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Wandzilak Shares Danish Experience

Senior Elena Wandzilak, third from right, was one of 31 CHS students to travel to Denmark in April of 2012.

“Hallo Elena! In 3 days you will be in Aarhus! Maybe you have already packed your suitcase? This spring has been rather cold, so bring a warm jacket especially for the mornings. We are very excited to meet you, and please tell your mom and dad that we will take good care of you. See you Tuesday at the railway station in Aarhus. Best regards from Karen”

There were three things I noticed when I got this email back in April: One, Aarhus was going to be cold (I hadn't worn a jacket since February). Two, I was supposed to call my host mom “Karen,” not Mrs. Kofoed. And three, in exactly three days, I was going to be in Aarhus, Denmark, a city thousands of miles away. I was ecstatic, but I was nervous.

The nerves continued throughout over 24-hour cross-Atlantic travel - through the three flights, the layovers, and the train ride from Copenhagen to Aarhus. I could feel the apprehension rising, but when the train pulled into the station at 4:30 Tuesday afternoon, and I looked right into the face of Lotte and Karen, I knew that this trip was going to be worthwhile.

My host, Lotte, had stayed with me back in October, <when the Danish students visited CHS> so we merely slipped back into our easy friendship, joking and laughing. I told her about how we sat in the wrong seats on the train, and she expressed how she thought we were coming on the earlier train, so when the doors had opened and none of us had emerged, all of the Danes had had a little moment of panic. Her mom, Karen, asked me questions about the flights and if I was tired. Her worries about my lack of sleep on the plane reminded me of my own mom, and I felt comfortable in their little Mercedes, regardless of the rolling hills and windmills, harbors, and picturesque buildings that passed me by.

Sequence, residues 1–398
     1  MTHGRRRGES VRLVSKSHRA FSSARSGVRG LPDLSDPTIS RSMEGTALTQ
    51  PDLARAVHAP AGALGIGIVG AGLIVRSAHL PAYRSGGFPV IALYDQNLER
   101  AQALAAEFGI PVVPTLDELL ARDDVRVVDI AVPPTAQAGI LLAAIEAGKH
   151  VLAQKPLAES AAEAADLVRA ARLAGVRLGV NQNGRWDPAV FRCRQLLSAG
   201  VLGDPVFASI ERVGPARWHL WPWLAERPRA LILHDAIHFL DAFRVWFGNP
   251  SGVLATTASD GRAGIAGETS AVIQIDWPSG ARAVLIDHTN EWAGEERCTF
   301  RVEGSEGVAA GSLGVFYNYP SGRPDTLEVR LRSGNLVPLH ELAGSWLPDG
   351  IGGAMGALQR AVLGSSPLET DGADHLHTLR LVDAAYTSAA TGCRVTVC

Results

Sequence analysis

The next four days flew by. We went to classes at Aarhus Katedralskole, where I learned that the Danes knew more about American politics than I did. We visited an old war ship, the glass museum, a Viking museum, spent an afternoon in Ebletoft (a beautiful old town that reminded me of Disney World), went to the “old town,” and immersed ourselves in Danish culture. I fell in love with the freedom of their culture (students were allowed to go anywhere for lunch!) and with my Danish hosts. Claus and Karen, Lotte and Peter, Grandma and Rikke: all of the Kofoeds welcomed me to Aarhus with open arms and many questions. They fed me meal after meal of Danish food. My favorite being frikadeller (Danish meatballs), but everything I ate, including liver pate, was delicious, and they encouraged me to take multiple servings of it all.

On Saturday night, we attended the Danish equivalent of a prom, the Queens Ball, where they danced Les Lanciers, a centuries old partner dance. The history and traditions of Denmark are everywhere you turn, including the 800 year old school, and it was incredible to spend that week in a place where everything has a past. My favorite part of the trip easily happened when I was hanging out with Lotte. We were sitting at her kitchen table and laughing hysterically about something, and it hit me how close she and I had become. Whether we were shopping, visiting with her boyfriend, or just sitting watching tv, the bonds I formed with her and the other Danes will be friendships I will have for the rest of my life.

At the train station Sunday morning there were hugs and tears, and plenty of pictures. As we boarded the train, I looked out of my window and saw my Danish family and friends waving back with tears in their eyes. These people, this city, had welcomed us, and saying goodbye seemed almost impossible. The experience I had in Aarhus is one I will never forget, as cliché as that sounds. The trip opened my eyes to a different culture, but it also solidified the notion that “people are people,” no matter where you go. 

Written by: Elena Wandzilak, Senior, one of 31 CHS students to travel to Denmark in April, 2012.
Posted: May 23, 2012 by Paula White

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